State of Safi detention centre leaves bishops shocked

President of the Pontifical Council for the Pastoral Care of Migrants left with ‘bad impression’ of detention centres, ‘nothing more than a prison’.

Bishops and delegates from Europe's Bishops Conference were left "shocked" by the situation at the Safi detention centre, insisting that it was "nothing more than a prison".

The Council of European Episcopal Conferences (CCEE) organised a seminar for bishops and delegates with responsibility for the pastoral care of migrants in Malta. Yesterday, the group of around 40 participants visited the detention centre in Safi and the open centre in Balzan, which is managed by the Church.

Addressing a news conference, the President of the Pontifical Council for the Pastoral Care of Migrants, Cardinal Antonio Maria Vegliò said the detention centre left him "with a bad impression".

"It's nothing more than a prison. It's dirty and the migrants are in a disastrous state. What's worse is they have nothing to do all day along... maybe some of them play football," he said.

"It's upsetting to see how these centres - and not only in Malta - take away the life and enthusiasm of these young men."

Pope Francis, who in September urged countries to welcome and respect migrants and refugees and not treat them as "pawns on the chessboard of humanity", said there should be a change in attitude on the part of host countries.

"They are children, women and men who leave or who are forced to leave their homes for various reasons, who share a legitimate desire for knowing and having, but above all for being more," the Pontiff had said.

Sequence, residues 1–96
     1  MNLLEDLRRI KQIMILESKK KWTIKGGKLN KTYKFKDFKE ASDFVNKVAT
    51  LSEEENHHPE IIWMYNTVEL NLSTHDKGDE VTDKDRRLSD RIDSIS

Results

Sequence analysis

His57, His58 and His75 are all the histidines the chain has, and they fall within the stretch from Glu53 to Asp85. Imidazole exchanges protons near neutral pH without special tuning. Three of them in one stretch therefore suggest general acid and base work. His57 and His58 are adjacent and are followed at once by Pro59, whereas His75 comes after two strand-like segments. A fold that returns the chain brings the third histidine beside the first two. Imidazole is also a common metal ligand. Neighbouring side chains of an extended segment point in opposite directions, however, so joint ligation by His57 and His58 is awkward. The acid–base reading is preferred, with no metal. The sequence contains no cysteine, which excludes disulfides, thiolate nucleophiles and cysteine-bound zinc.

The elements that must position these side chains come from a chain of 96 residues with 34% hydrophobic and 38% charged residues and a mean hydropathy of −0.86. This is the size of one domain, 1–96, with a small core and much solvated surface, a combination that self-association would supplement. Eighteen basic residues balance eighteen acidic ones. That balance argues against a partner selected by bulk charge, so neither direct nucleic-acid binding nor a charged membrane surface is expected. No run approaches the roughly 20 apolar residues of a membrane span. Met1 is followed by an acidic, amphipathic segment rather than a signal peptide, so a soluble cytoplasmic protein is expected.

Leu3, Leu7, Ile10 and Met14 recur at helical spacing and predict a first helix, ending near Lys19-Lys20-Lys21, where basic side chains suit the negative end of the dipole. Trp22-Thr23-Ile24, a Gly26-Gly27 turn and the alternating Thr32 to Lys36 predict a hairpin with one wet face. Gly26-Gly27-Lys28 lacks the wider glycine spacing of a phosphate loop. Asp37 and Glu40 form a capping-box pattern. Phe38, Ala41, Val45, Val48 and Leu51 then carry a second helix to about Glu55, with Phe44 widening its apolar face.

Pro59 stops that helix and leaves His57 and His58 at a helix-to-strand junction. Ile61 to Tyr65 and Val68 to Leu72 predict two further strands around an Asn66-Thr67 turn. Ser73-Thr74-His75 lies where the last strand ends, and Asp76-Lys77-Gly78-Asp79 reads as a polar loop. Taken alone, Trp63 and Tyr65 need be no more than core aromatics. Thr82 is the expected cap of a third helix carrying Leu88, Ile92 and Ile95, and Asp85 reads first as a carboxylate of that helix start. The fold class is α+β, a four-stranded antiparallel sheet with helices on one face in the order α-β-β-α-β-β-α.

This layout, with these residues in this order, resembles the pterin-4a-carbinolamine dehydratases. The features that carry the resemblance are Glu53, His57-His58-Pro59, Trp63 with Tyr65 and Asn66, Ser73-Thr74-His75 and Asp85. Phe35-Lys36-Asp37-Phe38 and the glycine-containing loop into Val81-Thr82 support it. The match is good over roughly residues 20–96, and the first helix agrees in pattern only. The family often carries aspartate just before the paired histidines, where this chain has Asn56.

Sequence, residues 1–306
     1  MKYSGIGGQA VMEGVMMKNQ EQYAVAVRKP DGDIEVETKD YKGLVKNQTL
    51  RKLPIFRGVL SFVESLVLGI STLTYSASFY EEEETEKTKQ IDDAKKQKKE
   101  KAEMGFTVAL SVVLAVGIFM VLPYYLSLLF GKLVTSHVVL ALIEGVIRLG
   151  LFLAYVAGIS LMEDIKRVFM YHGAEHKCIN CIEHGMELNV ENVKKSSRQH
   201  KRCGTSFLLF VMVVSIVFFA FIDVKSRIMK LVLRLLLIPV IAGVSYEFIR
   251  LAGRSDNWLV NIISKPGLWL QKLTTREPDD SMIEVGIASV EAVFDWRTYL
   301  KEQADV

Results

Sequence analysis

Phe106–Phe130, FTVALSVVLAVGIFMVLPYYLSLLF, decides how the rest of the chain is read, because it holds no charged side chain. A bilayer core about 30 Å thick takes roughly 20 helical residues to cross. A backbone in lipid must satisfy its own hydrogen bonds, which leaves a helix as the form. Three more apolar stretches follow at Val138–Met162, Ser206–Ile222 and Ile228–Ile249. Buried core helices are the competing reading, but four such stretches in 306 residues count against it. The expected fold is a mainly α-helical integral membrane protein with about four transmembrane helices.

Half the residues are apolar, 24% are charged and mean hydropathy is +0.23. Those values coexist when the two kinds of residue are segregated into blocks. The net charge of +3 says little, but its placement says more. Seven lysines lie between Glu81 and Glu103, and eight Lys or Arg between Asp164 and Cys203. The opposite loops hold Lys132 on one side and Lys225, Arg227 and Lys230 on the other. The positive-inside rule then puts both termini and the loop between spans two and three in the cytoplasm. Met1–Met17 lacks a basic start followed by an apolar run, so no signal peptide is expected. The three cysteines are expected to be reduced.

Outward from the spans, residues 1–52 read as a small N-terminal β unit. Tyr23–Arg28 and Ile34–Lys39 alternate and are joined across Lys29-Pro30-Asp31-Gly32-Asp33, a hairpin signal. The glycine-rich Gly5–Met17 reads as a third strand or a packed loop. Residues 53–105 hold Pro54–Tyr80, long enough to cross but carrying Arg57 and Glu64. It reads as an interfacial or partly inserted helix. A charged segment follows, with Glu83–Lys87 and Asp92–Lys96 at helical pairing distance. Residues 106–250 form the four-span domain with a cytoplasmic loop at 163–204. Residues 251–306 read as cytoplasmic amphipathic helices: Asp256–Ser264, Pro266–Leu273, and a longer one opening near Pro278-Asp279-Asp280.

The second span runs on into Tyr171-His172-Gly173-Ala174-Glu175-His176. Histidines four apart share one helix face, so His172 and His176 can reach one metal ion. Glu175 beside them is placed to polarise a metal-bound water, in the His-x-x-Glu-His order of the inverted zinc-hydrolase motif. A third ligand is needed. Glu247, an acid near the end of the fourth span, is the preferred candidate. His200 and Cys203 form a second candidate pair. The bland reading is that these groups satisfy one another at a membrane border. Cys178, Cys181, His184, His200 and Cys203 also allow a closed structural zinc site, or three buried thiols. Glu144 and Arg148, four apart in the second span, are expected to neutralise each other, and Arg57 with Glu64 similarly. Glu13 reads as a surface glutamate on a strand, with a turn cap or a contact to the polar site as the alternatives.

Today, Vegliò told the conference discussing integration and inclusion, that migrants were not numbers.

"They are human beings who have to be treated with dignity and respect. That is their inalienable fundamental right," he said.

He said that one had to understand the migrants' suffering, who in a family's dream of a better life, they split up in the hope of reuniting again one day.

The bishops said that financial assistance was not enough for migrants. "Financial aid is important... but not everything. Solidarity does not stop at forking out money but making a migrant feel part of the community."

He said that the Church preached about community work because its mission was to see that the vulnerable were not to be alienated.

Pre-empting journalists' questions, Vegliò said there was a lot that the Church did to help and support the migrants: "We do give a lot of support to the communities and our role is very important. The Pope wants us to get out of our comfort zone, take the initiative, to be the first to approach the needy rather than them coming to us."

The Cardinal, like the Pope, insisted that the issue of migration and the deaths at sea were not the responsibility of only one country, but the whole of Europe.

"No country can do this on its own. Malta is not the migrants' final destination country... but a country of transit. Migrants want to go upwards towards Europe. And these countries must come together in an understanding that these individuals are not a burden."

But as much as member states such as Malta, Italy and Greece have called for burden sharing - now referred to as responsibility sharing - many member states, especially those in the North, are reluctant to budge.

Most crucial, border countries seek changes to the Dublin II regulations. According to these regulations, countries taking in irregular migrants are responsible from processing their claims for asylum.

When 130 migrants died in a shipwreck off the Sicilian island of Lampedusa, Pope Francis had labelled the tragedy "a disgrace" and had accused world leaders of "global indifference".

"It's time for the European community to listen. Something is being done, but there is an element of coldness aw well. How the law is framed, makes it easier for countries to take their distance," Vegliò said.